Journey-Screen-Four-e1354654419422

How videogame culture is changing to promote better, smaller, less expensive titles.

The picture above is from Forbes’ Journey review. Go read it to get a grasp of how much we embraced the game last year.

The videogame industry is one bound by technology. Studios can’t overstep what’s available to work with, thus as technology evolves, so do the games it helps create. That limitation has led to some of the greatest works ever produced in the medium: development started on Mario 64 as an SNES title; as well, Nintendo began conceptualizing Super Mario Galaxy based on a Gamecube tech demo.

That evolutionary push has, in some ways, helped promote the graphical enhancement between generations. The clarity with which a game is presented is a matter of importance, up there with exclusivity and review scores. Game reviews often cover graphics (or the more modern term “visuals”) as a factor in determining those scores. And readers, insomuch that comments reflect how people feel, generally mention graphics as a concern.

But technology has improved to a level where graphics aren’t as advertisable. Games are abound with realism, in some cases hyperrealism, wherein scenes are feverishly detailed. As a result, realism is plateauing. Most of the modern combat shooters look and feel and play similarly because a long-held focus for the genre has been on realism. In the World War II frenzy before Call of Duty 4 came along, to better encapsulate the grittiness of 1940s warfare set a game apart. That was partly due to the inundation of titles in the time period, but the ideology never let up.

This next generation will be the first where a game’s visual quality isn’t as dependable. Otherwise what the publishers would call “marketable”. Looking on to gorgeous digital landscapes will still have that resounding awesomeness, but most games for PlayStation 4 and Xbox One will share that. Any ensuing mayhem will be game loyalists screaming about specifics: frame rate, definition, etc. (Of course, most armchair knights will argue to their last breath on forums regardless. It’s the nature of the Internet.)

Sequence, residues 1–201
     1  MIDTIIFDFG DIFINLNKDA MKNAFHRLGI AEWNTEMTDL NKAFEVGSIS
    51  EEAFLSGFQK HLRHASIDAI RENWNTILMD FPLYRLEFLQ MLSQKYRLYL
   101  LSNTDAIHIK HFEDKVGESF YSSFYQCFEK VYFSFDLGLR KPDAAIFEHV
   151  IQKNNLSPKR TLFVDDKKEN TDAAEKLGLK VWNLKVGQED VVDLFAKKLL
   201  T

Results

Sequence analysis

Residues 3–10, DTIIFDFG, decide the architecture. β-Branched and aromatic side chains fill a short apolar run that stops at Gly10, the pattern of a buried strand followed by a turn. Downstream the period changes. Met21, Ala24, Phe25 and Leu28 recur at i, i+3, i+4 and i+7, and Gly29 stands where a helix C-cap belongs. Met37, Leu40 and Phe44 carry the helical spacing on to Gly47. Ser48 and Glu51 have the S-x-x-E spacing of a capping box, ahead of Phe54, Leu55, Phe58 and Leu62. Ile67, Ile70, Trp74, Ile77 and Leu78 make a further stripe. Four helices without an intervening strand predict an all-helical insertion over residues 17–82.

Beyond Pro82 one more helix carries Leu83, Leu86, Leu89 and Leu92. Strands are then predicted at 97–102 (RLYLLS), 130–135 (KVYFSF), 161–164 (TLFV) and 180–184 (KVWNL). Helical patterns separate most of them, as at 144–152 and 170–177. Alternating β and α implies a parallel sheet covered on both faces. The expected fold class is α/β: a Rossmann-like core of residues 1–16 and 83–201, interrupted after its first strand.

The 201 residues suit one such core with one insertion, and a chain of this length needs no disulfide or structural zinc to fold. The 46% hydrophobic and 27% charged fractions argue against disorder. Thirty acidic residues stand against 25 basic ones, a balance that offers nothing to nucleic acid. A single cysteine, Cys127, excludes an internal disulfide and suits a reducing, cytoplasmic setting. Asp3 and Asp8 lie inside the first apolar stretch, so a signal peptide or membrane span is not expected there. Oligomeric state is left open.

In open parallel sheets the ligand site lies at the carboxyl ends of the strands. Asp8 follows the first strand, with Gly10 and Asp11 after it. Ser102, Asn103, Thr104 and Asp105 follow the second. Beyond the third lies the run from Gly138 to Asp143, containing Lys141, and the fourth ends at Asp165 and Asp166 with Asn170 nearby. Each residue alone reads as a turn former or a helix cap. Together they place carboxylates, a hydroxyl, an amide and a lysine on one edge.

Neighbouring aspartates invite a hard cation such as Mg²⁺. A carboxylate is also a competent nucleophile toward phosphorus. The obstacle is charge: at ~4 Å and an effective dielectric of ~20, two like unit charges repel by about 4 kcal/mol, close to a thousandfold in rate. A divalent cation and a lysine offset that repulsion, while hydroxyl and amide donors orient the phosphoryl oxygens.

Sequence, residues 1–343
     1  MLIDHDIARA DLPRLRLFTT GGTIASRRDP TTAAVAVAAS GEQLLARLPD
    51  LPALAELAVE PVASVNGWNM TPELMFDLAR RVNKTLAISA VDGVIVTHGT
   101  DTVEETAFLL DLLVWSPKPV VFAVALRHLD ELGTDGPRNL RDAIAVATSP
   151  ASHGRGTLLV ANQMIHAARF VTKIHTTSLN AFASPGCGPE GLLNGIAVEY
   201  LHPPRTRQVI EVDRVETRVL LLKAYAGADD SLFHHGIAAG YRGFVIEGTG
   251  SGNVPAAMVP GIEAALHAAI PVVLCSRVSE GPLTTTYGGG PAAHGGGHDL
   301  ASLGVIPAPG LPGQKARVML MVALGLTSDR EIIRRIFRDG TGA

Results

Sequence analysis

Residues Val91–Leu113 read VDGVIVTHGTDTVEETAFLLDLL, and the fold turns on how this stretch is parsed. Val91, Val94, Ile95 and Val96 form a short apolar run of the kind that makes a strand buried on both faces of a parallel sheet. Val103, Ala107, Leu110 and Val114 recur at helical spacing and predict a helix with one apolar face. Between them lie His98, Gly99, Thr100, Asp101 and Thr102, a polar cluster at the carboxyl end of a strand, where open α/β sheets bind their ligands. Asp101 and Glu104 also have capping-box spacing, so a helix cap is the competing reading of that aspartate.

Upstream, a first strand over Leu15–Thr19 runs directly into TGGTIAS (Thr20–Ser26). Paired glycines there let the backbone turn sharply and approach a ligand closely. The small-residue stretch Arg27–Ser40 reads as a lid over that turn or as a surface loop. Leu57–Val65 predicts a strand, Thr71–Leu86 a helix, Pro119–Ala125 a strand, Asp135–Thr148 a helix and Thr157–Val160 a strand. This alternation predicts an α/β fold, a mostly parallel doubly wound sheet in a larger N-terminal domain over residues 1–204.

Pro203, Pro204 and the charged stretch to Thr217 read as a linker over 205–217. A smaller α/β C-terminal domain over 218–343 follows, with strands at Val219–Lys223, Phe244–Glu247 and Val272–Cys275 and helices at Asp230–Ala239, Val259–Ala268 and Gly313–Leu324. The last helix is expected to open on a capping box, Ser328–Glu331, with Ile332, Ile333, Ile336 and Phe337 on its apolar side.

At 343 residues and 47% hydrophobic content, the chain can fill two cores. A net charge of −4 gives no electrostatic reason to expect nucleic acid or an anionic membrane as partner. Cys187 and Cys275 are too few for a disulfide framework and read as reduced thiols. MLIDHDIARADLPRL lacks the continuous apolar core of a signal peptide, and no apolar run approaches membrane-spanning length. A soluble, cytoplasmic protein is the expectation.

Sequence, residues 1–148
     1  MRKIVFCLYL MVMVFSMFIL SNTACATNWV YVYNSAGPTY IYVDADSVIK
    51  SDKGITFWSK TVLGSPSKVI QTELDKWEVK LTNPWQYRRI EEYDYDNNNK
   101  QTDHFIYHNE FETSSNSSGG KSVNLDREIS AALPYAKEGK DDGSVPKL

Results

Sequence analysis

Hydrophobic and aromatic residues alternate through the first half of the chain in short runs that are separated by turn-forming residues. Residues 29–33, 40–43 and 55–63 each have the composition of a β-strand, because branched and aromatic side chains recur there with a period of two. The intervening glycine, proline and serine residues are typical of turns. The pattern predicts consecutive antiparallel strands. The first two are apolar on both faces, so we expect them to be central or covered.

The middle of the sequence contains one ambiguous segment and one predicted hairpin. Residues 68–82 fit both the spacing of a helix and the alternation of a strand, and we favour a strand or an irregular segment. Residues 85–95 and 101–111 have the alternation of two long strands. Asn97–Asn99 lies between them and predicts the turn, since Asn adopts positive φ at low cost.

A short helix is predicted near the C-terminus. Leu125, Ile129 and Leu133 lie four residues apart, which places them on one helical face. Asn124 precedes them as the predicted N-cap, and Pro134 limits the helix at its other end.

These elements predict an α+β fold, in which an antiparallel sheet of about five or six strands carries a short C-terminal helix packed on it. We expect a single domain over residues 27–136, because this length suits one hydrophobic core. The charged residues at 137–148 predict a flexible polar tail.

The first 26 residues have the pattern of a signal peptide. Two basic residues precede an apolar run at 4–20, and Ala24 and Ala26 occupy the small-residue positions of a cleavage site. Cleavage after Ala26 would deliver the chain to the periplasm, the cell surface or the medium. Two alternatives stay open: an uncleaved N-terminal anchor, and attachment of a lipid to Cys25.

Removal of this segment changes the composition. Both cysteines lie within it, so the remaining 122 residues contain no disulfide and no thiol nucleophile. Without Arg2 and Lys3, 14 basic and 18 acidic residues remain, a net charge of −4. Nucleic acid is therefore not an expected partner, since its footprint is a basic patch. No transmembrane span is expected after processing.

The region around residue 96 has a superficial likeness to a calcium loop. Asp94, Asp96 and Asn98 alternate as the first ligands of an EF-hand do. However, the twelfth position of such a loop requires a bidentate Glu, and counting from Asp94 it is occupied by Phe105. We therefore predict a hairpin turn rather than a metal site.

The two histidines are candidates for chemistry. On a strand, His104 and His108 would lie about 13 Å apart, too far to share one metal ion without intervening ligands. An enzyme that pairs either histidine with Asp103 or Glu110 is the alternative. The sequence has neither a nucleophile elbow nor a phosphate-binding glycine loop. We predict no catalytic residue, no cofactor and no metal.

For most people, those specifics don’t matter. Personally, visuals tend to take a backseat to more important aspects like story and character development. Those elements are better remembered (and best to write about as a blogger) than how beautiful things look. Crysis is maybe the only series where graphics became a focal point, because it had been designed to showcase Crytek’s new baby, CryEngine.

Our collective insistence pushing for greater visual quality needs to change. Game budgets are notoriously high nowadays and expected to grow as new consoles roll in. Square Enix noted financial troubles in March following the “disappointing” sales of Tomb Raider, even though Lara Croft’s rebooted origin story sold 3.6 million copies in that month alone. Any higher and it would have been among the fastest-selling games in history. But the number didn’t meet sales projections and Square may have just broken even on the game.

Obviously, that shouldn’t happen. The formula of publishers losing millions over a two-year development period is unsustainable. Quality titles like Tomb Raider are unaffordable because the publishers can’t risk the financial gamble. We may hate Call of Duty with a passion, but Activision is breaking the trend by releasing a game annually and having it remain hugely profitable. Grand Theft Auto is the other major example.

With publishers looking to lower budgets, the shift has begun. Though, oddly, not with the publishers themselves. Recent successes in indie development, some through Steam’s Greenlight program, show that industry focus is shifting. Five years ago, a game like Gone Home may never have been reviewed. In that same period, thatgamecompany’s Journey would certainly never have been mentioned in the Game of the Year conversation. A category most often reserved for big budget successes.

Journey, though, is one in a handful of console arcade titles to receive that sort of recognition. Gone Home was for PC, where shorter, more experimental titles have a better chance at succeeding. It may take some years before the console market gravitates that heavily to an arcade title again. If Microsoft continues its crusade against discouraging people from indie games (by making the menu impossible to find), the wait will be longer.

In the meantime, as a new console generation approaches, the industry must move in this direction. Exploding costs and frequent cases of overworked, underpaid developers work against sustaining the industry. Personnel should be happy, costs should be mitigated, and the games should be profitable. Smaller and smarter games are the answer.

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